Google and Facebook are partnering up to deploy a 120 Terabits per second (Tbps) submarine cable that will stretch from Los Angeles to Hong Kong.
The third tech company involved in the ambitious project is a subsidiary of China Soft Power Technology, dubbed Pacific Light Data Communication.
As the new 12,800 km (7,954-mile) cable is installed and working, it will rank as the highest-capacity trans-Pacific cable to date. Previously, the biggest capacity title went to the FASTER cable, a project where Google was also present.
Rumors about the project surfaced earlier this year, and the purported investment ranked as high as $400 million. At the time, neither Facebook, nor Google had confirmed involvement in the Pacific Light Cable project.
Breaking down the connection itself, users should know that the cable features five fiber pairs, and each of the pairs can hold up to 24 Tbps of bandwidth.
According to insiders familiar with the matter, all companies involved in the project will place their own portion of the cable, meaning that Google itself will deploy its own fiber pair in order to make sure that its own traffic stays away from privy eyes.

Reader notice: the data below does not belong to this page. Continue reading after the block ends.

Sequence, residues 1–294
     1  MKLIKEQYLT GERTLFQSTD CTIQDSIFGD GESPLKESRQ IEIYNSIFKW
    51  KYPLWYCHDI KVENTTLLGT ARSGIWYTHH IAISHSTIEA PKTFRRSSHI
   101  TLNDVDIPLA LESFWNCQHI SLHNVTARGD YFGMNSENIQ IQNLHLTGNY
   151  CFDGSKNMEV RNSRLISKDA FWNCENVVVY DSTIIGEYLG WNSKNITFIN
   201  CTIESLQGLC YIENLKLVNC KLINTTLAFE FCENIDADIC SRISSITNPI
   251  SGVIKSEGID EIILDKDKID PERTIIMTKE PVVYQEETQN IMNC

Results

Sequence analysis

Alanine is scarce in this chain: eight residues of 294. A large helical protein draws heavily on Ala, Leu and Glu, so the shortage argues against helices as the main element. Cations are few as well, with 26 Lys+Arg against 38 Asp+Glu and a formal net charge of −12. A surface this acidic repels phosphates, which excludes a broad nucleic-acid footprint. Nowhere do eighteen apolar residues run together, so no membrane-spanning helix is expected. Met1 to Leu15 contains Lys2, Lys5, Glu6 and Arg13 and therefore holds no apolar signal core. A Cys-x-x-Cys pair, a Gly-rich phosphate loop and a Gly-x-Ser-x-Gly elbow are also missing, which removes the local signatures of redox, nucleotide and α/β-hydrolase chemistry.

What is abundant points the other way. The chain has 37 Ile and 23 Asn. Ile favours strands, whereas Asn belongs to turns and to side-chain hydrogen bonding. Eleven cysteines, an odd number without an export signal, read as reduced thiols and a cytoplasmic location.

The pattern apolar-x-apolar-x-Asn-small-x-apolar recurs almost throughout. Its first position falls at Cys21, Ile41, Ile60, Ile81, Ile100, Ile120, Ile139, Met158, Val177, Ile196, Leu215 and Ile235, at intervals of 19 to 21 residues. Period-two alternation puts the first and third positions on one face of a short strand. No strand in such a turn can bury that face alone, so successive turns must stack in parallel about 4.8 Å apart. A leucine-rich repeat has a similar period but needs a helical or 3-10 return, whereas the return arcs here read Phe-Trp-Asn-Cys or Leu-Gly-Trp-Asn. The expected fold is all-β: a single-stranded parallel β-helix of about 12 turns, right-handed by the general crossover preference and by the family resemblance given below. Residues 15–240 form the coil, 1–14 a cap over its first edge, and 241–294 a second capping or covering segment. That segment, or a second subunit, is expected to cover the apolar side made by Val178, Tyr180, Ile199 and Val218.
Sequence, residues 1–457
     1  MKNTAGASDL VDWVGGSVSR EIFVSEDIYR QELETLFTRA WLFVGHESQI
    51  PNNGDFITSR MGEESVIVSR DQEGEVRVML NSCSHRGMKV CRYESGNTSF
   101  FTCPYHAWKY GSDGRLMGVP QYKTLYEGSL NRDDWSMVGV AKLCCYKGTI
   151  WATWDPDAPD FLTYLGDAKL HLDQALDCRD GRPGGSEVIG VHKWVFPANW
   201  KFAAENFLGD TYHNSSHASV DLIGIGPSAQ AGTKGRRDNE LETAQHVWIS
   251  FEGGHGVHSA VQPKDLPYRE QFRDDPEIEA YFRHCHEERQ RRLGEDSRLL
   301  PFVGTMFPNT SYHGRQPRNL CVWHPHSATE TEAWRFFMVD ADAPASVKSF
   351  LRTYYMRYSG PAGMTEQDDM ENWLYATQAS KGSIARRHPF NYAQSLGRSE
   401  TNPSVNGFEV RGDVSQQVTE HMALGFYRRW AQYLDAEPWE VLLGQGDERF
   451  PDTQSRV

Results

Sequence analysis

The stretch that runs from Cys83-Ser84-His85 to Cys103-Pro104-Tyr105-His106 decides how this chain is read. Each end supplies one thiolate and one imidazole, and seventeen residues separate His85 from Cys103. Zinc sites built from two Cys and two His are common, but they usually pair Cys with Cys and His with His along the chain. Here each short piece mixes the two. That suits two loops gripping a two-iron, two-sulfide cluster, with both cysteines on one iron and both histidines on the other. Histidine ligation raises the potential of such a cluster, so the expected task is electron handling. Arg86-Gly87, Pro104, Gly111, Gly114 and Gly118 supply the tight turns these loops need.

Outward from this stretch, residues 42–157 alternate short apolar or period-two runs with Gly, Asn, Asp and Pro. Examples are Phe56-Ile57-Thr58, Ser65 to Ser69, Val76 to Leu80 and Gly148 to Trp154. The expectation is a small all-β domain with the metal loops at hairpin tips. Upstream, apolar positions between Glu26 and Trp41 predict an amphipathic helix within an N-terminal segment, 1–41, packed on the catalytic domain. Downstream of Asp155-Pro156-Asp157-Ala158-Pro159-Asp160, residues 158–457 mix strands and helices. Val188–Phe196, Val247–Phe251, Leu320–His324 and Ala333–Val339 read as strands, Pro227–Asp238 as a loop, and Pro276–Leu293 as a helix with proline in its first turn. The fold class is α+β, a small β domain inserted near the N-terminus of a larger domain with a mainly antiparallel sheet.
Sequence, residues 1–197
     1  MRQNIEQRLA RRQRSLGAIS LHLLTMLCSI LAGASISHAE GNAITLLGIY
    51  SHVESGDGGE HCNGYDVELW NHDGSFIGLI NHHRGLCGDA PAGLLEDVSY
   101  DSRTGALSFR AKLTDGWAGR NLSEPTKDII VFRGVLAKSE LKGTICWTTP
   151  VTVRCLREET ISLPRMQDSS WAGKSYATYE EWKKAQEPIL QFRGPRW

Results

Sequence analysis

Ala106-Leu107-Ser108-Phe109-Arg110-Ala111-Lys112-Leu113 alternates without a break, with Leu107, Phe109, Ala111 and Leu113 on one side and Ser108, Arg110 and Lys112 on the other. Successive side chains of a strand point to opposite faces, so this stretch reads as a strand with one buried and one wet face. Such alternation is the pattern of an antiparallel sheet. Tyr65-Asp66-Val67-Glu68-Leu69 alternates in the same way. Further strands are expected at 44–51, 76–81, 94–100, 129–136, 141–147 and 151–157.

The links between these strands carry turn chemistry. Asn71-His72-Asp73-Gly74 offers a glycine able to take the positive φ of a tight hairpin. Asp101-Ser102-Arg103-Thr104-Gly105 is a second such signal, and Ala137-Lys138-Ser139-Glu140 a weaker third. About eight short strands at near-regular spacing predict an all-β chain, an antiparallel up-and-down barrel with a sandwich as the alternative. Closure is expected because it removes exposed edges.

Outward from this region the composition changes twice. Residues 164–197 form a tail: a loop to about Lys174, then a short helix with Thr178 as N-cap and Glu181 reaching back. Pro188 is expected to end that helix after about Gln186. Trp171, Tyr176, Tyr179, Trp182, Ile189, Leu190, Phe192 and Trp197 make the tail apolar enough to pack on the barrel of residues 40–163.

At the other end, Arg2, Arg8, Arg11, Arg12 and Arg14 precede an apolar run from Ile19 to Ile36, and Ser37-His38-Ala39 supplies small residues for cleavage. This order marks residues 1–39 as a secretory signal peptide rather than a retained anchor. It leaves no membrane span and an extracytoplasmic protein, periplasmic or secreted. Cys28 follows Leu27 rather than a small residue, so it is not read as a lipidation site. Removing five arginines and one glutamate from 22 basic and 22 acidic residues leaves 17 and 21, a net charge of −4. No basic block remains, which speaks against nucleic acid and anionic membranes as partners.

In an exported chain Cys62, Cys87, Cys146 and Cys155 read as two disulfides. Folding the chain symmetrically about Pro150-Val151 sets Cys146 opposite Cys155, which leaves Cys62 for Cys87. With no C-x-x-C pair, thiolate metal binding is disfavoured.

So far, Google has stakes in no less than five submarine cables, making the Pacific Light Cable the sixth infrastructure of its kind. The other five are FASTER, MONET, SJC, Tannat and Unity.
At the time, FASTER was especially important to Google as its dedicated cable allows a much smoother experience for enterprise clients that are tapping into the Google Cloud Platform. Google's Cloud expansion in East Asia was much easier thanks to the high-speed submarine cable.
Some might raise their eyebrows upon hearing that competitors such as Facebook and Google are best buddies for the project, but such massive projects often ask for companies to set aside their rivalries.
Microsoft and Facebook recently inked a partnership for the building of a trans-Atlantic cable, estimated to carry 160 Tbps. Despite the fact that the submarine Atlantic cable is faster than the Pacific one, it should be noted that is also 50 percent shorter.
Amazon is also tinkering with the idea of installing its own submarine cables, but the company seems to want to do it all by itself.
Google affirms that the main purpose of the new cable is to deliver greater bandwidth and lower latency to its APAC region customers, something that will automatically apply to Facebook's customers.
The Pacific Light Cable Network should be ready to transmit data at high-speeds sometime in 2018.